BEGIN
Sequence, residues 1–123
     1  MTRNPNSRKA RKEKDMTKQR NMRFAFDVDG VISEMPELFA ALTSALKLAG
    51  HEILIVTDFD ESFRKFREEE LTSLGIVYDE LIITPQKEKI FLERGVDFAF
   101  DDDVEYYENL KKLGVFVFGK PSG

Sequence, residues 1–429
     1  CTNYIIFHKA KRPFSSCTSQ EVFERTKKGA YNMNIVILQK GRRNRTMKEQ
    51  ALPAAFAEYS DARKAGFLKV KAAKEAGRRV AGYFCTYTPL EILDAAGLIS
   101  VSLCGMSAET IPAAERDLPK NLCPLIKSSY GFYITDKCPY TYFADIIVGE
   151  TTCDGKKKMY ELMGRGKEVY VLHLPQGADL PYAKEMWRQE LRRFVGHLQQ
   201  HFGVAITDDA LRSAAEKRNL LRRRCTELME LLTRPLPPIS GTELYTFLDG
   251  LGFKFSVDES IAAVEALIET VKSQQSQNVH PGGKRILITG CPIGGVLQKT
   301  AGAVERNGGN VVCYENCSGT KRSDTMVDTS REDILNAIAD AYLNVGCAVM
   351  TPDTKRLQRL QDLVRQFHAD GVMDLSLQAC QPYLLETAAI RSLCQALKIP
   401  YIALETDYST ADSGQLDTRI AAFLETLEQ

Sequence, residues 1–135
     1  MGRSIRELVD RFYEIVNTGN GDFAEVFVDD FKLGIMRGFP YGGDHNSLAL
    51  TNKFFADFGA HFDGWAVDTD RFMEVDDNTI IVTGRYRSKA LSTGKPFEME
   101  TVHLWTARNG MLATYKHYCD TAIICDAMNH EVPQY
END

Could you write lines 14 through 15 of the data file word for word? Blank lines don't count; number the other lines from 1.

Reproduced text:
   401  YIALETDYST ADSGQLDTRI AAFLETLEQ

Sequence, residues 1–135